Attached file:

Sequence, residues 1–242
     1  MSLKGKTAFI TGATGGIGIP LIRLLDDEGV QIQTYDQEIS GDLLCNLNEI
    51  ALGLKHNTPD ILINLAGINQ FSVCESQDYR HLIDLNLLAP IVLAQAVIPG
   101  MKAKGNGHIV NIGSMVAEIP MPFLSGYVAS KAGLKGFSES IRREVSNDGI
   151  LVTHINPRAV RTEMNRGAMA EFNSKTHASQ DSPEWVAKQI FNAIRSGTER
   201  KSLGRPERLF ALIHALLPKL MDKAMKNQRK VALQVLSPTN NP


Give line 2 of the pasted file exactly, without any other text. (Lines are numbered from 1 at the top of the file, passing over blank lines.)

     1  MSLKGKTAFI TGATGGIGIP LIRLLDDEGV QIQTYDQEIS GDLLCNLNEI